Kohli credits record-breaking spree to captaincy, fitness

"I think the room for complacency is no more present when you become captain. So, that has something to do with me playing long innings," Kohli, who smashed 204 on the second day of the ongoing one-off Test against Bangladesh in Hyderabad, said.

Virat Kohli

Virat Kohli has been unstoppable as a batsman ever since he became a captain.   -  AP

Crediting his rampaging run to captaincy, Indian swashbuckler Virat Kohli says the added responsibility has left no room for complacency in his batting and that has helped him achieve the record-breaking feat of four double hundreds in as many Test series.

Kohli, who smashed 204 on the second day of the ongoing one-off Test against Bangladesh in Hyderabad, said captaincy has helped him go for longer innings in Test matches.

“I don’t know, I think it is because of captaincy that you tend to go on more than what you usually would as a normal batsman. I think the room for complacency is no more present when you become captain. So, that has something to do with me playing long innings,” the 28-year-old right-handed batsman said.

“I have always wanted to play long innings and my first seven or eight hundreds were not even 120 plus scores. After that I made a conscious effort to bat long and control my excitement or not be complacent at any stage,” he told bcci.tv when asked about his hunger for big scores.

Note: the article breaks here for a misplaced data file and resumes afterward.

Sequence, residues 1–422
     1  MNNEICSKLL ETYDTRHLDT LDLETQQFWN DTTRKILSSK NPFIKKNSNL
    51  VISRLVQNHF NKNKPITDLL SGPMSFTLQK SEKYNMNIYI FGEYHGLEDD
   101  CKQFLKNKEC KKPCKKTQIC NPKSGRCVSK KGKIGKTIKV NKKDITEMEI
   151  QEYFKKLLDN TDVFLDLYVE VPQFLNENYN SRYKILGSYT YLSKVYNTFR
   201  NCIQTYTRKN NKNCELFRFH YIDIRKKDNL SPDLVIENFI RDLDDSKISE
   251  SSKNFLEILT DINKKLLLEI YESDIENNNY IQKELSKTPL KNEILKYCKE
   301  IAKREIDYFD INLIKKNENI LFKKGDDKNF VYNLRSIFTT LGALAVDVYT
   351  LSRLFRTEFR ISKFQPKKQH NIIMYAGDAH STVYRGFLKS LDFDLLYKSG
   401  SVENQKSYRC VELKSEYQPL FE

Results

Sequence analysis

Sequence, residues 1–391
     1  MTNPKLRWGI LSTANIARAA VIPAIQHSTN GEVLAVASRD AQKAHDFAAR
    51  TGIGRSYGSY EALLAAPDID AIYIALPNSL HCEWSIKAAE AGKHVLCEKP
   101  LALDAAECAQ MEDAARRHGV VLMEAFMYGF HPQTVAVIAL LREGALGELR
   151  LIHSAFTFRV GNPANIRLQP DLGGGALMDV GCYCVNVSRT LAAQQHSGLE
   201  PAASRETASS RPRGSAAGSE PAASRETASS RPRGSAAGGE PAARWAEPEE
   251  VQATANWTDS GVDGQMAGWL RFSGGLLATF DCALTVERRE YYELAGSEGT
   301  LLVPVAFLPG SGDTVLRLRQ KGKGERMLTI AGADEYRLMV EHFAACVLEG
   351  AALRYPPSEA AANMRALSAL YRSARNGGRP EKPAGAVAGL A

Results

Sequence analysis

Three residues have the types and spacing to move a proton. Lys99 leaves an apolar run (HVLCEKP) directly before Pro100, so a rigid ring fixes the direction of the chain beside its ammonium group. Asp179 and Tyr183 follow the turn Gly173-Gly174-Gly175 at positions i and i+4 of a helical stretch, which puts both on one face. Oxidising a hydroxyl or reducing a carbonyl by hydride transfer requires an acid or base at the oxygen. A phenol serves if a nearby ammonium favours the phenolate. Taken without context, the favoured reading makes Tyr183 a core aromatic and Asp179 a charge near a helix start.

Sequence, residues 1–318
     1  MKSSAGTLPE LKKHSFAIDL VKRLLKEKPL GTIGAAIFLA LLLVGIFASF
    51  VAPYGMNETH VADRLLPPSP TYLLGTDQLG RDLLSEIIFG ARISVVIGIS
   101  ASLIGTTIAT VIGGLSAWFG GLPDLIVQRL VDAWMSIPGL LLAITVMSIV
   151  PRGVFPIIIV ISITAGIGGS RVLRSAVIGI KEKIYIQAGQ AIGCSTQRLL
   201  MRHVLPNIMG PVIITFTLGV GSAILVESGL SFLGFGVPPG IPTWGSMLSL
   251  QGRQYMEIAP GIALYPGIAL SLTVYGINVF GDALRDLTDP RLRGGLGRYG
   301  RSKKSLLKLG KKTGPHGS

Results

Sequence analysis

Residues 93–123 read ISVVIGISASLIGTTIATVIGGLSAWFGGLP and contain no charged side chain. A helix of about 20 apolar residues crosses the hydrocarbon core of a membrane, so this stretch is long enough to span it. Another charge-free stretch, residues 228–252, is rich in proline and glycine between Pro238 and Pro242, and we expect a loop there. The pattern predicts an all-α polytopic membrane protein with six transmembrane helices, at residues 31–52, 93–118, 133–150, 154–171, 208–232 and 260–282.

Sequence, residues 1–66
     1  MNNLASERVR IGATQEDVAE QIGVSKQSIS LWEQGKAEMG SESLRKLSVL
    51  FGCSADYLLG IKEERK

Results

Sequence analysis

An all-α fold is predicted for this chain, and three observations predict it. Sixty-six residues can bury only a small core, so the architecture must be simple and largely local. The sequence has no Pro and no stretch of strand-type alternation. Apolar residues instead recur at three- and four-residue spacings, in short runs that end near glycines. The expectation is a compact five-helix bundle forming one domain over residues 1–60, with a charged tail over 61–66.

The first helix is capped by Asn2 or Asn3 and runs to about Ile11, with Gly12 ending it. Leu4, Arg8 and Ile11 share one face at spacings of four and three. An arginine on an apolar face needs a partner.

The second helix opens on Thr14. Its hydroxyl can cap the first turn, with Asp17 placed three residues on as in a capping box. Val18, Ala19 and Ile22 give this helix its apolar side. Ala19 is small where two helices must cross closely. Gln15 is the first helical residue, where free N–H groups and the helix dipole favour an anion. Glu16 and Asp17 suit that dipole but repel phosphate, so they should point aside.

En route his 204, Kohli became the first batsman in the history of Test cricket to claim four double hundreds in as many series. In the process, he surpassed the legendary Sir Don Bradman and Rahul Dravid, both of whom had three double hundreds in successive series.

Kohli’s four double hundreds have come against West Indies (200), New Zealand (211), England (235) and now Bangladesh.

The Indian captain said that he’s is no longer satisfied with Test hundreds and his fitness level allows him to play for longer innings and eye bigger scores.

“I worked on my fitness level over the years and I feel I can go for longer periods now. I don’t get tired as much as I used to before. Definitely, I don’t get satisfied when I get a Test hundred which used to be before, because I used to give too much importance to Test cricket separately. Now I have started to treat it as any game of cricket and I have to keep going on till the time the team needs to,” said the Delhi batsman.

Asked how he has been able to maintain consistency across the three formats, he said, “It is not easy to do especially with the amount of cricket we play nowadays. It is more of a mental thing. I don’t necessarily focus too much on practice because sometimes you might not get to practice so much.

“I think mentally you need to focus and think about what you are going to do in the game. Switching to different formats is the need of the hour in these days’ cricket. I certainly want to contribute in all three formats. That has always been the mindset and I have to prepare in a certain way. It is more mental than going into the nets.”

He, however, admitted that the Hyderabad pitch was not as testing as other wickets on which he had scored his double centuries earlier.

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